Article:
Zuma releases long-awaited fees commission report
The report found that fee-free higher education is not feasible. It recommended, inter alia, that the current National Student Financial Aid Scheme be replaced by an income contingency loan scheme, that the government raise its expenditure on higher education and training to at least 1% of gross domestic product or GDP, and that fee-free education be available at technical and vocational education and training or TVET colleges.
The report was leaked to the media at the end of October in the wake of growing frustration at the president’s tardiness in releasing the report which was delivered to him at the end of August.
On Sunday 12 November, the South African presidency issued a statement which rubbished news reports that Zuma was planning to announce free education in the state of the nation address in February this year but was stopped by the National Treasury.
Describing the Sunday Times report as a “fabrication”, the presidency’s statement said Zuma “never planned to make such an announcement”.
According to the newspaper, Zuma had intended to announce free education as early as February but was blocked by treasury officials who intervened by removing the free education announcement in Zuma’s state of the nation address. This was during the tenure of former finance minister Pravin Gordhan.
R40 billion fee-free education plan
Last week, in another surprising development, it was reported by local newspaper TimesLive that Zuma was planning to announce free education across the board through a controversial funding plan that would involve cutting back departmental budgets across government to make R40 billion available for the 2018 academic year for students coming from families earning a combined annual income of not more than R350,000.
The resignation of deputy director-general in the Treasury's budget office Michael Sachs last week is reportedly connected to unhappiness over Zuma’s ambitious education plan, according to online financial news outlet Moneyweb.
According to the City Press, Zuma’s fee-free plan is looking at redirecting of funds from underspending programmes; conducting a 5% “shave” across the board on all programmes; and pushing some infrastructure projects that can be delayed into “the outer years”.
The City Press also reported that the National Institute for the Humanities and Social Sciences, which has funded more than 400 PhD students in three years, 45 of whom graduated last week, has had its budget cut by R35.6 million.
When Zuma will make a pronouncement on the report remains unclear.
In Monday’s statement, Zuma said the Inter-Ministerial Committee on Higher Education Funding led by the Minister in the Presidency Jeff Radebe, and the Presidential Fiscal Committee whose lead minister is the Minister of Finance, Malusi Gigaba, are still processing the report.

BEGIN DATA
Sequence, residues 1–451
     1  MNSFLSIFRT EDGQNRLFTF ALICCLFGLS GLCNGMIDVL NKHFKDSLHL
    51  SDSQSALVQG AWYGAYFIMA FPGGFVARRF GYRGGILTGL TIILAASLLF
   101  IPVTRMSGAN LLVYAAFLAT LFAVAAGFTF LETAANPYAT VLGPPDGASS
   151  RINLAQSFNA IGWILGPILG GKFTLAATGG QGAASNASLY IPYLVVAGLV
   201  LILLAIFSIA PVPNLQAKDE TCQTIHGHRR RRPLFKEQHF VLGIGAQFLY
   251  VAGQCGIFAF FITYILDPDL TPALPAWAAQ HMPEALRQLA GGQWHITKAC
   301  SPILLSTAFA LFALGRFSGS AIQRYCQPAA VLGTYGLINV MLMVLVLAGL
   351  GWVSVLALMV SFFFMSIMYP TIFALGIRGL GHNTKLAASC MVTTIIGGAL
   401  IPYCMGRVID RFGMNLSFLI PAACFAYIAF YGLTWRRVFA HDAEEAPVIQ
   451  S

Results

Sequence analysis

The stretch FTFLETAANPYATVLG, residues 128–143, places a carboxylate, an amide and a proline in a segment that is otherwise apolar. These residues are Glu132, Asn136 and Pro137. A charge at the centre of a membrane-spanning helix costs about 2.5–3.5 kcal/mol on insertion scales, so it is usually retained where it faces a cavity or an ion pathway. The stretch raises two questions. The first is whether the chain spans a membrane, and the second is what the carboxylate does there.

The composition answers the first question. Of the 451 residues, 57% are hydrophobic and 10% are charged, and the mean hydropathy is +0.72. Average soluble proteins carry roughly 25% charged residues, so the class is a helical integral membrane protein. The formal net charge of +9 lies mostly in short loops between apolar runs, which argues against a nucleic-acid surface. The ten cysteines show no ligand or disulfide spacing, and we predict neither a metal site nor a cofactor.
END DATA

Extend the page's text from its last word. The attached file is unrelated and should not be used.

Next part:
“I will make a pronouncement on the report once the ministers have concluded their work. I have decided to release the report prior to the conclusion of our work in processing it so that the public can have an opportunity to study the report while we continue with the processing thereof,” he said in the statement.
While the official release of the report has been welcomed, Zuma’s response to the report is still awaited.
While it welcomed the release of the report, Universities South Africa expressed concern around the timing of its release, which comes in the midst of end-of-year examinations. "We are anxiously awaiting further communications from the president’s office regarding both process and decision points," it said in a statement.
Universities South Africa said it supports the singling out of the TVET sector for substantial investment and said the recommendation of pegging the subsidy funding of the state to universities at 1% of GDP will make a major difference to the current situation of underfunding in the sector. It said it supports the proposal around tax concessions in favour of the private sector investing in university infrastructure.
On the issue of income-contingent loans for university students it said, while there were several societies using the income-contingent loan model effectively, the key issue is "whether it will leave students highly indebted or not and this will require further analysis".
The opposition Democratic Alliance, or DA, said it welcomed the “professionalism and richness of the report” but called on the president to indicate whether or not the report will form the basis of the ANC government’s new funding model for higher education.
“Bizarre rumours have been swirling that President Zuma is intending to bypass this multi-million rand report in favour of an amateur, populist funding model that entails the crude introduction of a R40 billion boost to student funding, to be financed through such drastic measures as the undermining of the role of Treasury, the possible cutting of social grants and an increase in VAT, with little consideration given to all the other issues at stake,” the DA said in a statement.
“Ordinarily, these rumours could be dismissed with the contempt they deserve, but we have seen, time and time again, that President Zuma will put his own interests above the best interests of South Africans. If he sees it as being in his interests to give priority to a populist and unsustainable proposal, over a taxpayer-funded, professionally produced commission, he might well do so. This is a chilling possibility.”
The Higher Education Transformation Network, or HETN, also welcomed the release of the report but said it awaits the final implementation mechanisms to be announced by the state.
The HETN called on all higher education managers and councils and their representative body (Universities South Africa) to “follow the policy pronouncement by the state and desist from unilaterally raising fees for the academic year of 2018 outside state policy guidance”.